What They’re Thinking
Youth Media Reporter asked funders whether their decision to support an organization is influenced by knowing that the group’s work has been picked up by a mainstream media outlet. The short answer? A resounding “yes.” The funders YMR contacted want to see youth media distributed as widely as possible. “We are invested in youth media’s reach and impact on the broader public,” explained Jee Kim of the Surdna Foundation.
Mark Hallett, senior program officer of the McCormick Tribune Foundation journalism program, agreed. “It’s a shame we don’t hear the views of this generation as often as we should,” said Hallett. “It’s wonderful to find groups who are finding ways to get the word out to as broad an audience as possible.”
But these views might primarily reflect the perspectives of national or regional funders, explained Christopher Shearer, director of grantmaking at the National Geographic Education Foundation. Many of the locally based foundations fund youth media primarily for what Shearer calls “local engagement” outcomes, such as keeping kids in a safe place after school or helping them build skills that can lead to jobs. It’s the national or regional funders, like National Geographic’s Education Foundation (and most of the funders who the YMR contacted for this article), who are more likely to look for “other desired outcomes on which the decision to award a grant rests,” said Shearer.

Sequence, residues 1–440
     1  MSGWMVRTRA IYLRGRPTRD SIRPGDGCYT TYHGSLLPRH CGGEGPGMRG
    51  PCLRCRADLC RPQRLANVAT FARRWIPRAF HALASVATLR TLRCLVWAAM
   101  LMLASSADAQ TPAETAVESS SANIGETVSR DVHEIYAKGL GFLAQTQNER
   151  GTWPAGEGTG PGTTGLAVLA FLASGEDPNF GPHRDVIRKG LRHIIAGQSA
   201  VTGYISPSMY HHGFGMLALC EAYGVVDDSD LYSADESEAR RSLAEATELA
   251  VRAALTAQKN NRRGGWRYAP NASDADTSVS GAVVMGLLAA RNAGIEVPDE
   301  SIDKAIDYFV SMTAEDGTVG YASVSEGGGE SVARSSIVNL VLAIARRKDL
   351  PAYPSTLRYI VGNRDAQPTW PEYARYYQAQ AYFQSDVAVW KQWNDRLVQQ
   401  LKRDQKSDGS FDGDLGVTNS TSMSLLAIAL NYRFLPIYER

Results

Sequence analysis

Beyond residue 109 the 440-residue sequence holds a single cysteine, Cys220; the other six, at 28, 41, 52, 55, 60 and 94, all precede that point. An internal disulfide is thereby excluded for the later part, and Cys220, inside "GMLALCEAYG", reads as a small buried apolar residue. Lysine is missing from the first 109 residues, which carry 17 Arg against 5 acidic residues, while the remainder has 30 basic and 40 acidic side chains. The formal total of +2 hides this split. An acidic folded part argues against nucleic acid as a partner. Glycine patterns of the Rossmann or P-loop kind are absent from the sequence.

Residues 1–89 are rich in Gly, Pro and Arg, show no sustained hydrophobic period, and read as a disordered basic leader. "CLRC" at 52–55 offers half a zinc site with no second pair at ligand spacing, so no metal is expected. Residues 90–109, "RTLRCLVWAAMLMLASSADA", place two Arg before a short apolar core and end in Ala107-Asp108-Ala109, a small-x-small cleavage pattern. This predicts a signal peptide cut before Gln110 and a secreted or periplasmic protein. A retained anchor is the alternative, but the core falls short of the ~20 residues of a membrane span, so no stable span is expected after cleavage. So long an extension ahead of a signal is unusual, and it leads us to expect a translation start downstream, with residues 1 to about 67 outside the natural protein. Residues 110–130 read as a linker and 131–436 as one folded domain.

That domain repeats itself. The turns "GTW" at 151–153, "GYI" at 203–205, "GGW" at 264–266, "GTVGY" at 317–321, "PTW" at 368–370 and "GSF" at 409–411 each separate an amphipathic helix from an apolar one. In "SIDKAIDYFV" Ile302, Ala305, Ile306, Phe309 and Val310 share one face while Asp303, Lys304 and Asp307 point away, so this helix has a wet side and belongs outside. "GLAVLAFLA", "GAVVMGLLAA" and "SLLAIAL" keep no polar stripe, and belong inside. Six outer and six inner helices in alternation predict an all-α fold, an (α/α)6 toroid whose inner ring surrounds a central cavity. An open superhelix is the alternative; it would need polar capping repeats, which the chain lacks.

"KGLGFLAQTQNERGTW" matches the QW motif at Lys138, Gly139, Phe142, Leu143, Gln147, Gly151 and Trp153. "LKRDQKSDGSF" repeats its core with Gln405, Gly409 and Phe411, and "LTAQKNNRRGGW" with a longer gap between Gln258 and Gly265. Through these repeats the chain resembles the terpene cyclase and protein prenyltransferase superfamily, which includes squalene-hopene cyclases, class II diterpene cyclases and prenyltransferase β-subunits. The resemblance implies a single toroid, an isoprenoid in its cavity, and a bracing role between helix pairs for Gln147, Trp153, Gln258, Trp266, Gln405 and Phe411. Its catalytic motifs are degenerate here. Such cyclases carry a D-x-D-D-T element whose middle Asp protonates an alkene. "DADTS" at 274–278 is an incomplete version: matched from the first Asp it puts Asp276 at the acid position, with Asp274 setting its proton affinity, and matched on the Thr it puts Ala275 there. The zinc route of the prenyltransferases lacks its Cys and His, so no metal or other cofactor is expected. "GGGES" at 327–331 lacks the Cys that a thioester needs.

These outcomes could include raising the awareness of why youth should participate in policymaking, or demonstrating the importance of including diverse voices in the media. In these cases, if a youth media organization receives pickup by a mainstream news outlet, “they are more likely to communicate the foundation’s goals along with their media product,” said Shearer. “In a sense, these organizations are providing additional leverage by reaching the general public.”
Youth media groups focused specifically on community engagement might want to look closer to home for funding. But as all foundations “increasingly stress measurement and leverage,” said Sherarer, “pickup by mainstream media afford a youth media organization a competitive edge in the grants application process—as well as a greater role in growing the youth media field to the point that mainstream media itself might adopt and institutionalize the concept.”
“Knowing that community-based youth media organizations are working to add more authentic voices to the discussion is bound to impress a funder,” agreed Alyce Myatt, former media program officer for the John D. and Catherine T. MacArthur Foundation and currently a consultant to the independent media and philanthropic communities agrees. “But it’s important to include information on the work printed or broadcast so that the funder can gauge the value of the content.”
The funders’ perspective: Does working with the mainstream media bring in money?